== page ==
Last month’s Omloop Het Nieuwsblad and Kuurne-Brussel-Kuurne should have whetted your appetite for the Belgian Classics and on Wednesday, major cycling returns to the home of cobbles, bergs, frits and fine beer with Dwars door Vlaanderen. The Belgian race kick-starts a month-long block of racing that includes E3 and Gent-Wevelgem, before reaching a crescendo of cobbled-action with the Tour of Flanders and Paris-Roubaix.
The race is somewhat of a mid-way point in the Classics season as riders head north from their efforts at Milan-San Remo to do battle with the more of the cobbled specialists.
Cavendish leads Sky
Mark Cavendish (Team Sky) and Heinrich Haussler (Garmin-Barracuda) lead an all-star line up, and both riders will have points to prove after disappointing results in Italy, while last year’s breakaway duo of Nick Nuyens (Saxo Bank) and Geraint Thomas (Team Sky) are both absent – the Belgian recovering from injury and the Sky rider concentrating on his track preparations ahead of the World Championships in Melbourne next month.
Matthew Goss (GreenEdge), Oscar Freire (Team Katusha), 2008 winner Sylvain Chavanel, 2010 winner Matti Breschel (Rabobank), Sep Vanmarke (Garmin-Barracuda), and John Degenkolb (1T4i) are all pencilled in to start. However Tom Boonen (Omega-Pharma QuickStep) and Fabian Cancellara (RadioShack Nissan) are both absent.
As in previous years the first few hours of the race take in flat country roads from the start in Roeselare before the first climb, the Nieuw Kwaremont at 87 kilometres. By then a break will have likely formed but the first climb, with the Kattenberg and Leberg coming in quick succession, will see the pace ramp up as the strongmen and their teams battle for position at the front of the peloton. The two cobbled sections – Holleweg and Haaghoek – between the Kattenberg and the Leberg may also prove decisive.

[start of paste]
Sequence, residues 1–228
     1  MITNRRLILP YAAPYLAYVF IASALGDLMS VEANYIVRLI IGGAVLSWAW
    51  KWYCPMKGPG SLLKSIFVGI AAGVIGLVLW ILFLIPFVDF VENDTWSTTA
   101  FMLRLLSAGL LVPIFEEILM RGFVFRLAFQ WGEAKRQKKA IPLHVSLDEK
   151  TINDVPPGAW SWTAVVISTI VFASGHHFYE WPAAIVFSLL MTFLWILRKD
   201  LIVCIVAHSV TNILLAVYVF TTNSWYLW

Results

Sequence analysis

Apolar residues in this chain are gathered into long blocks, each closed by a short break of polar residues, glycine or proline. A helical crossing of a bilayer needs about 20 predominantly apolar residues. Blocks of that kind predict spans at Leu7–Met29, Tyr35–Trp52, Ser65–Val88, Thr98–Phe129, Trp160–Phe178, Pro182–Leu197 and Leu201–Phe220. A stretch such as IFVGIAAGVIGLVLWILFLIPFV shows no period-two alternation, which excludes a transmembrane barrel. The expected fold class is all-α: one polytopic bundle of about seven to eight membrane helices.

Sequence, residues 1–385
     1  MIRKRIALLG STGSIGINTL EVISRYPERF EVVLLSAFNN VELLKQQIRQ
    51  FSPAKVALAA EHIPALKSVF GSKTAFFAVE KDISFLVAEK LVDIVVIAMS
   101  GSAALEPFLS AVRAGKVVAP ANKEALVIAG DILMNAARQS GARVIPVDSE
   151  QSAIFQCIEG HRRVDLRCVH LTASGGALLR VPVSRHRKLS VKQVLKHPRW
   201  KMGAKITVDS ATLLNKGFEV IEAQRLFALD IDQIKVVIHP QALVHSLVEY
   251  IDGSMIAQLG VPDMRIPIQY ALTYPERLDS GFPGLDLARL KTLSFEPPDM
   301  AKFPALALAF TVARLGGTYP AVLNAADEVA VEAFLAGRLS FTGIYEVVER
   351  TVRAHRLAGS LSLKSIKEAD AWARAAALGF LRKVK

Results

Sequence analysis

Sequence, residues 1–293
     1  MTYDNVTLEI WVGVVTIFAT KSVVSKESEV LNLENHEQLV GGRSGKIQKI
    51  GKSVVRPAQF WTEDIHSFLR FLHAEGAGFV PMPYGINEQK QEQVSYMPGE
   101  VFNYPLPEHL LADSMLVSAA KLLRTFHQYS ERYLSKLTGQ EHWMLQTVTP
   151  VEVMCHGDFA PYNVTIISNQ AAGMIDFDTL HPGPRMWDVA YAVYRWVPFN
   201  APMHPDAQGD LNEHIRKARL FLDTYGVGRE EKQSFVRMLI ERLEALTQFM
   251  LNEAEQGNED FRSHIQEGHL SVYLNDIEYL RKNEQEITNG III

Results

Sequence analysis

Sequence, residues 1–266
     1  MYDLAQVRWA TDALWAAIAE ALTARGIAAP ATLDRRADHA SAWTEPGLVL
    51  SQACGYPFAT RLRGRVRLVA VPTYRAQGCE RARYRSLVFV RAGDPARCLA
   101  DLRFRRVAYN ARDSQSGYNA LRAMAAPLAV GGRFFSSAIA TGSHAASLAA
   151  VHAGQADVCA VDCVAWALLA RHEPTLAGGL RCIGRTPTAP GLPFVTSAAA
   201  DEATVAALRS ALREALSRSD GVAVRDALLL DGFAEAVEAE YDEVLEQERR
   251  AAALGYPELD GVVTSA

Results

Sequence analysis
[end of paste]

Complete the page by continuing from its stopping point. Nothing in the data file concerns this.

However, the most challenging sections are yet to come, with the Eikenberg at 140 kilometres, starting a run of six bergs in 40 kilometres of racing, with the Paterberg at 179 kilometres, sure to see fireworks. But another key point could arrive just after the Paterberg, with a two-kilometre stretch of cobbles leading into the final set of climbs.
There are three more climbs before the finish: the Vossenhol, Hostraat and Nokereberg, with the climb summit seven kilometres from the finish in Waregem.
Latest on Cyclingnews
Amanda Spratt confident world-class Australian races will make a comeback in 2022'Women's Tour Down Under is building and building, I wouldn’t be surprised to see it on the WorldTour calendar next year'
Schillinger suffers fractured vertebrae after being hit by car at Bora-hansgrohe campGerman rider and six teammates hit by a car while training in Italy
Van Aert to meet Jumbo-Visma in Spain before returning for Cyclo-Cross WorldsBelgian shuts down speculation on contract extension
Shirin van Anrooij recovered from arm laceration and set to start Cyclo-cross Worlds'I’m in the under-23 category now and I'll be racing for the rainbow jersey' says reigning junior world champion
Thank you for signing up to Cycling News. You will receive a verification email shortly.
There was a problem. Please refresh the page and try again.